Green is a Strategy
Companies like Unilever, General Electric Company (GE), Dell and Nike view going green as an essential strategy in a global commercial landscape increasingly contoured by environmental policies, regulations and attitudes. GE CEO Jeffrey Immelt reported that going green has been 10 times better than he ever imagined, generating US$17 billion in annual revenue through his initiative called Ecomagination.
According to strategy+business authors Rich Kauffeld, Abhishek Malhotra and Susan Higgins, companies mentioned above recognize that consumers’ concern for the environment has morphed into buying behaviors that are recession-resistant. A survey found that 87% of 6,000 global consumers believed it was their “duty” to contribute to a better environment and that even in a recession, 55% would pay more for a brand if it supported a cause in which they believed. In turn, retailers and manufacturers are demanding greener products and supply chains.
Public sector support
Government actions are also driving the shift to green initiatives. The Obama administration and the U.S. Congress earmarked US$70 billion for the development of renewable and efficient energy technologies and manufacturing. The European Union has set targets for reducing emissions to 20% of 1990 levels in 2020 while Chinese President Hu Jintao said his country would generate 15% of its energy from renewable resources within a decade.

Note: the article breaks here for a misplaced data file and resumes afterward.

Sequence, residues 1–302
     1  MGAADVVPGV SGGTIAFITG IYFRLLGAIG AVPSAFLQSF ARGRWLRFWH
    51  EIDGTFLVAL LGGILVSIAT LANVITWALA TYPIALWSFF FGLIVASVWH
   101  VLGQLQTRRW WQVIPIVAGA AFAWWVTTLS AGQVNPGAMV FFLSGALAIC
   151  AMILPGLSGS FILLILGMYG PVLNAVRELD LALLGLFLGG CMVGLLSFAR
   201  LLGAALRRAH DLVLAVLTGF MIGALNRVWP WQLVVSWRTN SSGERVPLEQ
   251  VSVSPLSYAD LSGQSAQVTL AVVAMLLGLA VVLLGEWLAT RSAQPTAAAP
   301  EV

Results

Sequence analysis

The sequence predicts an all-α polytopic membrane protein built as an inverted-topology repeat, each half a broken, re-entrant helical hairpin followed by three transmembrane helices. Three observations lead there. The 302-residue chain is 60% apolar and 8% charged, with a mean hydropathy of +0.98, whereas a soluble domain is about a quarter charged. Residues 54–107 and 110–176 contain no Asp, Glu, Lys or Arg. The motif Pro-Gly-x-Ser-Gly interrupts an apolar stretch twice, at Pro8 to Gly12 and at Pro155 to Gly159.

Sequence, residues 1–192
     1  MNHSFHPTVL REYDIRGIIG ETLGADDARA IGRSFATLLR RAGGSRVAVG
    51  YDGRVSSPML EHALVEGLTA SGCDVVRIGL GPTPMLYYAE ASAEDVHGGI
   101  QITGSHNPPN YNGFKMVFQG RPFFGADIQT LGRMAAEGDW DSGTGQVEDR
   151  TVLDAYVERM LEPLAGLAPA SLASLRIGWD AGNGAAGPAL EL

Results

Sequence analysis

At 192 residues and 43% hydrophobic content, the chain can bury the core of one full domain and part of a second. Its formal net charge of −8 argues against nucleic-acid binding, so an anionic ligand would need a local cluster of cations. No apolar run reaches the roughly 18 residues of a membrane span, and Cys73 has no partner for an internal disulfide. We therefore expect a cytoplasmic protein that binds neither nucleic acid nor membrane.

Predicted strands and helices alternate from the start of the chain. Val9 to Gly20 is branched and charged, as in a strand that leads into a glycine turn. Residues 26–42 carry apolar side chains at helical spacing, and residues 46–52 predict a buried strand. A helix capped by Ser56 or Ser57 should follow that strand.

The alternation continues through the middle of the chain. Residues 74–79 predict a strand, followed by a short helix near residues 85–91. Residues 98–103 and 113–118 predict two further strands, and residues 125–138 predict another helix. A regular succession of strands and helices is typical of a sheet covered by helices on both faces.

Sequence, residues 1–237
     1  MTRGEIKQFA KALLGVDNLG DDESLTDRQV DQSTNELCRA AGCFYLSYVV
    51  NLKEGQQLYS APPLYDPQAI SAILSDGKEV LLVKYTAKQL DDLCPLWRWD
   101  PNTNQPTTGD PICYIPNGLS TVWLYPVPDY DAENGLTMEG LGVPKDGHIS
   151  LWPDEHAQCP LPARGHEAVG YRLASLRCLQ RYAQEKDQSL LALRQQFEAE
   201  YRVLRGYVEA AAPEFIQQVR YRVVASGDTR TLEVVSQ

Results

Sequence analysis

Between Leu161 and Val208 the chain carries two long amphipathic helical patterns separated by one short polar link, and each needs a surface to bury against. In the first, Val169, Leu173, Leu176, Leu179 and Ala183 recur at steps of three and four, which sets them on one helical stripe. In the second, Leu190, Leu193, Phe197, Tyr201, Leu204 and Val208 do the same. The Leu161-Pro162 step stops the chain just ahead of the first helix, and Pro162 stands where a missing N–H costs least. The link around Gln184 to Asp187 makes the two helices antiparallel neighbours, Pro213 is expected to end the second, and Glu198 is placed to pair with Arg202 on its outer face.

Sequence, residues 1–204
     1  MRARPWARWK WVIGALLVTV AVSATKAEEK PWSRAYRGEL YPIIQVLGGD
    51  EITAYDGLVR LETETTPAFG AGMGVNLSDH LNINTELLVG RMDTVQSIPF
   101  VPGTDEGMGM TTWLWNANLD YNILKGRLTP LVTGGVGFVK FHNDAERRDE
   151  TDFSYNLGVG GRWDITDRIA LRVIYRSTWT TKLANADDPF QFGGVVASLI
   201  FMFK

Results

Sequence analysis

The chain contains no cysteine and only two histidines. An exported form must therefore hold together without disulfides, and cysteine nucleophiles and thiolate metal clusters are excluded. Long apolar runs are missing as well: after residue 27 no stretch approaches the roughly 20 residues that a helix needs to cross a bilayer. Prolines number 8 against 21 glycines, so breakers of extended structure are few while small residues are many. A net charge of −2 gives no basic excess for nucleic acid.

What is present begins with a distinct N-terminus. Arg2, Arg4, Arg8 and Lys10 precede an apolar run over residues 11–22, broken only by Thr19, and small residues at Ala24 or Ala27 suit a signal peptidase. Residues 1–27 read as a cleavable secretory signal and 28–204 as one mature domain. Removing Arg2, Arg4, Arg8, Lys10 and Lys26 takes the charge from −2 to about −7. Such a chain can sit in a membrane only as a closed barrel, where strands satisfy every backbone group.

The state to aspire to might be called ‘differentiated green’ to companies adopting green strategies today. This phrase describes companies that have moved beyond complying with regulations, reducing their energy use or marketing ecologically safe products. To adopt a differentiated approach, companies must take the following 5 steps:.
- Elevate sustainability to a core business strategy
- Embed green principles in innovation efforts
- View the entire product life cycle through a green lens
- Consider green principles in making major decisions
- Integrate sustainability into corporate and brand marketing and messaging
When differentiated green companies promote their sustainability efforts, they must be prepared to have all their practices and products scrutinized by the public and by environmental advocates. If they fail to live up to expectations, companies can be accused of “greenwashing,” which can damage corporate and brand reputation. To avoid such problems, companies should not proclaim a green identity unless they can withstand the scrutiny that will ensue.